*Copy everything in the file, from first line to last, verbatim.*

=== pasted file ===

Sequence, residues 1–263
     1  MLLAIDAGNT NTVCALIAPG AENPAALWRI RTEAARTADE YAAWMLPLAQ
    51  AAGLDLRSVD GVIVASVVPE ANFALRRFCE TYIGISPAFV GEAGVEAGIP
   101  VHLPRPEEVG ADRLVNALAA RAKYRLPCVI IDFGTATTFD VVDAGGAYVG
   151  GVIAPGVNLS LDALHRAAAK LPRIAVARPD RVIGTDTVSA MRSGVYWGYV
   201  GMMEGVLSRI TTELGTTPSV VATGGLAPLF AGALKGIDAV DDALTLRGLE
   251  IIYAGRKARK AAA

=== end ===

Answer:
Sequence, residues 1–263
     1  MLLAIDAGNT NTVCALIAPG AENPAALWRI RTEAARTADE YAAWMLPLAQ
    51  AAGLDLRSVD GVIVASVVPE ANFALRRFCE TYIGISPAFV GEAGVEAGIP
   101  VHLPRPEEVG ADRLVNALAA RAKYRLPCVI IDFGTATTFD VVDAGGAYVG
   151  GVIAPGVNLS LDALHRAAAK LPRIAVARPD RVIGTDTVSA MRSGVYWGYV
   201  GMMEGVLSRI TTELGTTPSV VATGGLAPLF AGALKGIDAV DDALTLRGLE
   251  IIYAGRKARK AAA